The NHS, and many healthcare systems across the globe, have a complicated relationship with technology.
For years the rhetoric from leaders and politicians has been emphatic: new technology offers nothing but opportunity for healthcare systems. But underneath the rhetoric there is doubt, fear and a lack of understanding.
For some, there’s a fundamental distrust of technology in healthcare. It’s an instinctive and primeval perspective that pitches man against machine – and it’s a widespread problem. We only need to look at how slowly the NHS is digitising to see the power of this perspective.
For others though, the problem is almost institutional. At a time of unprecedented patient demand coupled with ever-tightening budgets, technology is a distraction for time-poor employees. With backs against the wall, tech is an unneeded distraction.
The root cause in almost all cases? A lack of understanding.
What smart tech can do for healthcare
The value of smart tech – that is, technology that makes decisions or automates processes based on what it detects or senses – can be seen throughout a multitude of industries.
There are now over 12 million smart energy meters installed in businesses and homes throughout the UK. And there are around 1.5 million smart thermostats now in UK homes. Meanwhile, driverless ‘smart’ cars and even smart fridges are also on the horizon – as well as a host of other ground-breaking technologies.
But in healthcare, the early inroads smart technologies are making are no less ground-breaking.
The AdhereTech medicine bottle uses sensors that capture patient use. This data is then compared to whatever the prescribed dosage is and automatically fed back to the patient’s doctor. It can even trigger flashing lights or sounds if the patient has made a mistake with their dosage. Adherence to prescriptions is a costly problem for healthcare systems – and this technology could solve it.
But smart tech has gone one further and created the smart pill. These pills, on contact with stomach acids, send information to a connected device. This can help avoid overdoses – but looking further ahead, it could easily monitor vital signs like heart and breathing rates. There are also smart earbuds and hearing aids that perform similar duties, potentially allowing patients to be monitored remotely with a minimum of fuss.
In all cases, the benefits are around automation. If technology can automate repetitive processes more accurately, the advantages couldn’t be clearer. Better still, if automation can start outside the hospital or GP surgery, the potential to lessen patient demand is huge.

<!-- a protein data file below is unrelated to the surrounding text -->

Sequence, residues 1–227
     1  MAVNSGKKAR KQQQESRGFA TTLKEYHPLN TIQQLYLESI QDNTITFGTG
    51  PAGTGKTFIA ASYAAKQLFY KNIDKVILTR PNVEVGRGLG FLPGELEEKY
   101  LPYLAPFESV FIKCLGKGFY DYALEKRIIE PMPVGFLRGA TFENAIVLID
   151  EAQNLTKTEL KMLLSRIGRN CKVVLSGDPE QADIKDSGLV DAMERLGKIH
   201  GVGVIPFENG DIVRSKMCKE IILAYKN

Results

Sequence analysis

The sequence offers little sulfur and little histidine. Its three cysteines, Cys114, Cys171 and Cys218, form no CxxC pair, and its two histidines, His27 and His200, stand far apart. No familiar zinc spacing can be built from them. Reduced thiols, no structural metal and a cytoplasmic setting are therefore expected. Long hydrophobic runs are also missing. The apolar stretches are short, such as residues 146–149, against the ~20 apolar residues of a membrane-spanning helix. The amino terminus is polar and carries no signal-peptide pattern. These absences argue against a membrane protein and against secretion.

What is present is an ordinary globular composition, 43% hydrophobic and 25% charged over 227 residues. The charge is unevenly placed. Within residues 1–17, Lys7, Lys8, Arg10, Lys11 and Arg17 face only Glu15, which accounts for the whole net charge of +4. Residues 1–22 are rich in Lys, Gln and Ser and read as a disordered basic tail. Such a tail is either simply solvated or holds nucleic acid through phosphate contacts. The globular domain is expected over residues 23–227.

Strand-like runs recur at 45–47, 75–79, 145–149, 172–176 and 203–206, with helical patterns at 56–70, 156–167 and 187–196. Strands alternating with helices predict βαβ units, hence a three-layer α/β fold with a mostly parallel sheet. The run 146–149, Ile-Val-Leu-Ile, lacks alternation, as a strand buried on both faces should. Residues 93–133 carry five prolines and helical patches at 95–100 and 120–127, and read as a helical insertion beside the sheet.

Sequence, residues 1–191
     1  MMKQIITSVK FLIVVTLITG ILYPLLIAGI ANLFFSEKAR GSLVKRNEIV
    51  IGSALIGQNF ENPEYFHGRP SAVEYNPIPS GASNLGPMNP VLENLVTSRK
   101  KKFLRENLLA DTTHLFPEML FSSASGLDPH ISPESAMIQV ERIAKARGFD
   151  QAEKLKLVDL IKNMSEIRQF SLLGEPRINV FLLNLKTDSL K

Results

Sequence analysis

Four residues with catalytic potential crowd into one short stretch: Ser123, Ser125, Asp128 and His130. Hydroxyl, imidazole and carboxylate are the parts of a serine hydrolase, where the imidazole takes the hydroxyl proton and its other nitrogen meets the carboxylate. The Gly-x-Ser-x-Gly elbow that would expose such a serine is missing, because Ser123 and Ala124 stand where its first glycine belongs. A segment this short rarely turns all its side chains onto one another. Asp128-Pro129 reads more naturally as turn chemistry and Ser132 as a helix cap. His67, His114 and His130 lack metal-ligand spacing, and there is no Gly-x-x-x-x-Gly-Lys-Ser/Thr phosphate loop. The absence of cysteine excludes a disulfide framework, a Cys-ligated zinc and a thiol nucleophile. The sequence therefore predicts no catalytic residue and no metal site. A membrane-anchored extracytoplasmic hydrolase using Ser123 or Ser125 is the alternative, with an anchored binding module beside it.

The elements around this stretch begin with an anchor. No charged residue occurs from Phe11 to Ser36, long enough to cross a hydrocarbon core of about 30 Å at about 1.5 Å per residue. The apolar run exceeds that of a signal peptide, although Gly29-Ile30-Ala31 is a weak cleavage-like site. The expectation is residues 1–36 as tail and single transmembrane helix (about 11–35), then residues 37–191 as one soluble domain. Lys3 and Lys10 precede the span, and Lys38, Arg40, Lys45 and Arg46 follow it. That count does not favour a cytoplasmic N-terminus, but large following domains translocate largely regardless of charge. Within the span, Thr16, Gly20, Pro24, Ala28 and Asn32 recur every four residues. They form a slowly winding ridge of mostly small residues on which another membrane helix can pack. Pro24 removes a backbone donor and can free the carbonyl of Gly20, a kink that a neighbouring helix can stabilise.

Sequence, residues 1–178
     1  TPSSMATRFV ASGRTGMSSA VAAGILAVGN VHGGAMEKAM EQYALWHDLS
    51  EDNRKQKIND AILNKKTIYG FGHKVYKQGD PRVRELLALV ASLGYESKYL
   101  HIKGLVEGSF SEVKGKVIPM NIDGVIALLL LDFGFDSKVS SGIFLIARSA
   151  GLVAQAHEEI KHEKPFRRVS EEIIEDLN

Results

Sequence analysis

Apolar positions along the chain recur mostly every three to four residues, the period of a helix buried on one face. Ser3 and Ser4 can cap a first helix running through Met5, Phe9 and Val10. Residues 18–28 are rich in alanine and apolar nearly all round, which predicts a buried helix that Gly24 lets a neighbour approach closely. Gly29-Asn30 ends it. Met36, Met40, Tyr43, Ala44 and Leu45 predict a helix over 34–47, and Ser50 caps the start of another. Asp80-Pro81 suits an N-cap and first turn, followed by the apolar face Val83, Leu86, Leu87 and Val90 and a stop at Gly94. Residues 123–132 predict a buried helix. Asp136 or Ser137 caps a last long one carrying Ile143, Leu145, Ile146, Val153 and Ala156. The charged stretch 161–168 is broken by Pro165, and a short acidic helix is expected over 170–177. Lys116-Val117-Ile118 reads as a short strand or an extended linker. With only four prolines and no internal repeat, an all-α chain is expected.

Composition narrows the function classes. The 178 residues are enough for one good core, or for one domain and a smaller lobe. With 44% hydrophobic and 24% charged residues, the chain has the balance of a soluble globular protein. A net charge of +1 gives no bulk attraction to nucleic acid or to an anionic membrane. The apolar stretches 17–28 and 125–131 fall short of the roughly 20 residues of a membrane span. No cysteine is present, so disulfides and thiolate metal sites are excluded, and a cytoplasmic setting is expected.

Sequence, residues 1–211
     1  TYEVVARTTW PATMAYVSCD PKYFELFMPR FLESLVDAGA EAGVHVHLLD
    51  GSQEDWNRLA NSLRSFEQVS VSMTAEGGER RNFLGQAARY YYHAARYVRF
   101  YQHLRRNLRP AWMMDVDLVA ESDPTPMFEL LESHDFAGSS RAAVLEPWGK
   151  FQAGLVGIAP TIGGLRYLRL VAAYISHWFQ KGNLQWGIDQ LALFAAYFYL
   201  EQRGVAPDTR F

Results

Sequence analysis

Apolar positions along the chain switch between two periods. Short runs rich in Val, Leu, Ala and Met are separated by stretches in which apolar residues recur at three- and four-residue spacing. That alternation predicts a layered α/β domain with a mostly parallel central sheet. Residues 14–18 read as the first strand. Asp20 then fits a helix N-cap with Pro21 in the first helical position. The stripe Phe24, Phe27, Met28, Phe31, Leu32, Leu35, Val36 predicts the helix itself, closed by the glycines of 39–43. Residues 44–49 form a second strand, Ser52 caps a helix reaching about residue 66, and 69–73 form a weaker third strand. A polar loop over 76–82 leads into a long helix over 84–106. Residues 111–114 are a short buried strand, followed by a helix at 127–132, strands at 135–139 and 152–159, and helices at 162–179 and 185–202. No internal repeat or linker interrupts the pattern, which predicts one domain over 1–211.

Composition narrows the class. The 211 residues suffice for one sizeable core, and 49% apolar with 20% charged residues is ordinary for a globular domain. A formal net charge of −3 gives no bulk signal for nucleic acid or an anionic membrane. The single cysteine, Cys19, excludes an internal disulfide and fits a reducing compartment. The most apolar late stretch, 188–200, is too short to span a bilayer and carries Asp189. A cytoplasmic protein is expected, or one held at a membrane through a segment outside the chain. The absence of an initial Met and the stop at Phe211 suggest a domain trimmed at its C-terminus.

Why tech-led change is difficult in the NHS
In the aftermath of the WannaCry cyber-attack on the NHS in 2017, some GPs and healthcare professionals reacted by advocating a return to pen and paper. To them, this was a confirmation of what they’d always believed: machines can’t be trusted with patient data. The more widespread – and more positive reaction – was in fact to realise that the NHS’s digital defences needed to be bolstered.
The point is, tech can be a hard sell in the NHS because it isn’t always trusted in the first place. And our story can paint a similar picture.
At Clarity we develop workforce technology that makes planning, rostering and managing bank and agency staff more efficient. And we’re not unlike the smart tech newcomers to the healthcare sector.
We’re doing things differently, challenging legacy systems, shedding new light on data and making staffing processes slicker. Inherent in what we do is the automation and speeding up of certain processes, and the better, faster use of data. We let trusts see data they haven’t seen before – in real time, whenever they want it. We automate payroll and compliance processes that have been a time-consuming burden for years. We offer change, on a big scale.
And just like for some of the smart tech newcomers, change on this scale can cause unease. As we all know, the NHS moves slowly – and technology doesn’t. For some trusts, the change is almost too big, and too fast. The benefits appear almost too good to be true. But as we’ve consistently proved through the trusts we have worked with, the benefits tend to be even greater than first imagined.
As with many tech innovators, we’re showing the healthcare industry the future. And for those providers with behaviours and practices rooted in the past, it can be an unsettlingly big leap forward. Nonetheless, for those brave enough to embrace technology as an enabler, it could truly be transformative – whatever problem it happens to solve.
Article source: Clarity